[FoRK] Misunderestimating "The" Tea Party

Jeff Bone jbone at place.org
Thu Mar 18 14:36:53 PDT 2010

Debugging Russell's mixed-up claim...

His claim was that the Tea Party "largely intersects" the social conservative movement.

The article I pointed to, which Russell apparently didn't read, disproves the very point he is making;  in it, leaders of some of the constituent groups *explicitly* state that the Tea Party movement should divorce itself from the divisiveness of social conservative politics.  QED.

Now, yes, there is substantial social conservative support for the Tea Party constituent parts;  but the claim that it "largely intersects" is certainly not supported and whether all TP groups feature social conservative issues strategically front-and-center is disproved by the very article in question.  It seems that these folks have placed economics ahead of the social conservative agenda.  That's improvement;  it means an improved GOP, should those groups prevail in taking control of the GOP agenda --- assuming the leaders of those groups are honestly expressing the intended strategy.  THIS is the way to grow *a* big tent that avoids the socialist slide on the economic side.

Whether or not the various feet-on-the-ground think this is a reasonable backdoor into allowing the states to e.g. legislate choice is irrelevant;  that's not the strategy of some of the prominent groups, which was the point in question.  Russell's point about the history of state governments vis-a-vis civil liberties is correct, but also misleading.  It assumes something about states that isn't necessarily a universal truth.  It also says something about the democracy / scaling issue that has been brought up repeatedly.  If given the opportunity to form its own "state" --- Russell, do you really think e.g. Austin, independent of Round Rock much less e.g. Dallas, Abilene, or Lubbock, would be anti-choice?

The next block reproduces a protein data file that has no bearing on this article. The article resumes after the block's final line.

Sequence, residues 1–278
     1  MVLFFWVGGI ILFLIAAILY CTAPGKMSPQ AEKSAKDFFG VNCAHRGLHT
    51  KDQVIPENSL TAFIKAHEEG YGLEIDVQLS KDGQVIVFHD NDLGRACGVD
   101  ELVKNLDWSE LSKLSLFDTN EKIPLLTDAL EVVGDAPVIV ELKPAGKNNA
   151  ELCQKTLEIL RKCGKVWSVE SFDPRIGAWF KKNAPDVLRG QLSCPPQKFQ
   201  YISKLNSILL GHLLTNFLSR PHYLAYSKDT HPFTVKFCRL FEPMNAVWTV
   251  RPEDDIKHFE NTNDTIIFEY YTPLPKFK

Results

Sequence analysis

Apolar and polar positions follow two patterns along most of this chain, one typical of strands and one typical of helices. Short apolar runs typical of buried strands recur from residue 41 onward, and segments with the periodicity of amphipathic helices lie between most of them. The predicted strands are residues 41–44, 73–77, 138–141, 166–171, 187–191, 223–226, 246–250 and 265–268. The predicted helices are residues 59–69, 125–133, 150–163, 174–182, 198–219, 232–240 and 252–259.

In the end, IMHO, a free market wins.  And a free market with more choices (and less barriers-to-entry for those that would offer alternative chocies) is better than a free market with less choices.  Let's have more choice in government, not less.  Then the otherwise-BS argument "well, if you don't like it here, go somewhere else" might actually have some legitimacy.

Yes, the coercive qualities of larger scale governments may be necessary for certain things.  But let's make sure the trade-offs make sense in net.  I'm not sure they do here, and the argument concerns me:  there's deep irony in making this argument of necessity *for* civil rights.  As William Pitt (the younger) observed:  "Necessity is the plea for every infringement of human freedom. It is the argument of tyrants; it is the creed of slaves."



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